The Pedagogy of the Oppressed

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The Pedagogy of the Oppressed
What does the opinion expressed in Paulo Freire’s “banking” education metaphor really say about modern society and the disenfranchised? Freire begins Chapter Two of his novel “Pedagogy of the Oppressed,” by analyzing the teacher-student relationship that is characteristic of the Socratic/Lecture Teaching Methods. Freire refers to these teaching methods as “the banking concept of education,” where the students are considered empty bank accounts just passively and robotically waiting to be filled with deposits from the omniscient professors. (1) While at first, the metaphor seems novel, upon closer inspection, Friere is making a bold and controversial statement about the current power-hungry and oppressive social construct. A system designed and manufactured by the wealthy in order to polarize the divergent social classes and maintain the status quo. But all is not lost, there is a light at the end of the tunnel-the light of communication.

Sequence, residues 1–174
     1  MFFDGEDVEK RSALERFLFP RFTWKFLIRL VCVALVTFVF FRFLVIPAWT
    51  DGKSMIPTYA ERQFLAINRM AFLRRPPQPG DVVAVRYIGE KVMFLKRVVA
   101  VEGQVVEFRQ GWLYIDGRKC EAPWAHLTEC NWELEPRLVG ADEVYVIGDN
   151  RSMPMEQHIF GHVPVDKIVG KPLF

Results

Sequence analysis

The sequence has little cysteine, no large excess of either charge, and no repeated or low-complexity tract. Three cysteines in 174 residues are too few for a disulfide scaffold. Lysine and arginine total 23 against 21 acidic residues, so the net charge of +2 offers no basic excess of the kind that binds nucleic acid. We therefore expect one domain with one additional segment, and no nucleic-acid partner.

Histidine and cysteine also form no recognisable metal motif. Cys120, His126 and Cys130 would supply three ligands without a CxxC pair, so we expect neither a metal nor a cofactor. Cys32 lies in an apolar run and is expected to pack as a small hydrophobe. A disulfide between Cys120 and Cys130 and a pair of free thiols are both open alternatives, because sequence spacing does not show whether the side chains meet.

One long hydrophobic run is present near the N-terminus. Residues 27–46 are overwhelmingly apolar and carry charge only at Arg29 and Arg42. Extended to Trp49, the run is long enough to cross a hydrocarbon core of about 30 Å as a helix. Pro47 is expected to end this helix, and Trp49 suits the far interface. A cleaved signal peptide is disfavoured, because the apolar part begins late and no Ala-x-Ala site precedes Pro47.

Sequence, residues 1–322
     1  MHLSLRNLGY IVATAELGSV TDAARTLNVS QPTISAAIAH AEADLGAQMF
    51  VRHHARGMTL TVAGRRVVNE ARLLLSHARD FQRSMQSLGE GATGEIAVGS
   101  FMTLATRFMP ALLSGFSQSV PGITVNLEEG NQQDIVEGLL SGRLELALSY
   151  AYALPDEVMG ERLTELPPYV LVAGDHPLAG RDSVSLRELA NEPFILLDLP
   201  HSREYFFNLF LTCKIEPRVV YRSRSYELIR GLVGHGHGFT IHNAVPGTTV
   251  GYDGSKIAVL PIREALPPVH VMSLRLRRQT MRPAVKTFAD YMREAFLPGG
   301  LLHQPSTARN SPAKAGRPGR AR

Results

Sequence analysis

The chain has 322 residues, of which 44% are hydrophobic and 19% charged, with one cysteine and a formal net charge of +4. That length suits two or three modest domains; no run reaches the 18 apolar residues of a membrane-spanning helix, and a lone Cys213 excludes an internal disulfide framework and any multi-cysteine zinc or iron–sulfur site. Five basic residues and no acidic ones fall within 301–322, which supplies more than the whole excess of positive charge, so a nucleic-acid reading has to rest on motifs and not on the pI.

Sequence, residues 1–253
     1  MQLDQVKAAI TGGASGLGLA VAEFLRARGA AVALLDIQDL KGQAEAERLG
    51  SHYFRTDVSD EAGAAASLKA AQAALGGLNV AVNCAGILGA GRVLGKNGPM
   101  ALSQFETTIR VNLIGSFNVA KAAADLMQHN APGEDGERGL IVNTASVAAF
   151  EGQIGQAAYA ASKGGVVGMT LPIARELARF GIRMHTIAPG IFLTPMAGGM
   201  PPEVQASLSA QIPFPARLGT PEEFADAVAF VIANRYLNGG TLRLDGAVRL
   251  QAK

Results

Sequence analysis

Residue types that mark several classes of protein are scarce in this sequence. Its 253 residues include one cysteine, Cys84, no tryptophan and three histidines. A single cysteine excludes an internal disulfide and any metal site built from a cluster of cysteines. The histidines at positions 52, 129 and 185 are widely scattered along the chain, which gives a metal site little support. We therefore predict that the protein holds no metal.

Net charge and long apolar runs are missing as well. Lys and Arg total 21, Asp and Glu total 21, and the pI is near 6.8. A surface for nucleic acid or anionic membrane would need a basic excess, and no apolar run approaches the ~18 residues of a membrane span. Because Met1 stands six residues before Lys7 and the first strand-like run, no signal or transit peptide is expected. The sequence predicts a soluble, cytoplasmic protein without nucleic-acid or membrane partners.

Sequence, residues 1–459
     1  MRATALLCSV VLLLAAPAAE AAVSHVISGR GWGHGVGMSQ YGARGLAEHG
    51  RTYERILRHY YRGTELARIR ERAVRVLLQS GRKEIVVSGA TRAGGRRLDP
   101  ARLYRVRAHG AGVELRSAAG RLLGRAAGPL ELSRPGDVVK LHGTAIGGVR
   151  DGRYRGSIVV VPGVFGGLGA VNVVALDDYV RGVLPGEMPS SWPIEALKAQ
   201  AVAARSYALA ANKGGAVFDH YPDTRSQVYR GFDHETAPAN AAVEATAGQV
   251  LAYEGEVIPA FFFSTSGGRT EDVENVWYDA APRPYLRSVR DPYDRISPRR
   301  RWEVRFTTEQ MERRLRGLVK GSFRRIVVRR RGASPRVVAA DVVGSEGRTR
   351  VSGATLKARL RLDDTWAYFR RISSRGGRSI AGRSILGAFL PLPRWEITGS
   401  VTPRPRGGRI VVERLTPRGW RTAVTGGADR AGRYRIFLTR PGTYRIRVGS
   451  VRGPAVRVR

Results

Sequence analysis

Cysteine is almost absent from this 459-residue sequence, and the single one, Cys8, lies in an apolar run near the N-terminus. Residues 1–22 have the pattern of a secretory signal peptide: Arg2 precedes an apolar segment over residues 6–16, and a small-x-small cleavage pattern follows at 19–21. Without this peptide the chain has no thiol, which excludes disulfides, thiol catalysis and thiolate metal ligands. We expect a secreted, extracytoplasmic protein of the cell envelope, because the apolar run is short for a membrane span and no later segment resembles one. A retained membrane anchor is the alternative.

I apologize for the dramatics, but I have a deep personal connection with Freire’s beliefs about the true healing powers of communication. For me, Maynard James Keenan, the lead singer for the band “Tool,” says it best in the song “Schism” when he cries, “Cold silence has a tendency to atrophy any sense of compassion between supposed lovers… between supposed brothers.” I know at first these lyrics may seem like a stretch, but if you really think about it, Keenan’s words echo the sentiments of Freir’s assertions many times throughout Chapter Two. For example, in Freire’s introduction of the “banking concept,” he wrote: Education thus becomes an act of depositing, in which the students are the depositories and the teacher is the depositor. Instead of communicating, the teacher issues communiqués and makes deposits which the students patiently receive, memorize, and repeat. This is the “banking” concept of education, in which the scope of action allowed to the students extends only as far as...
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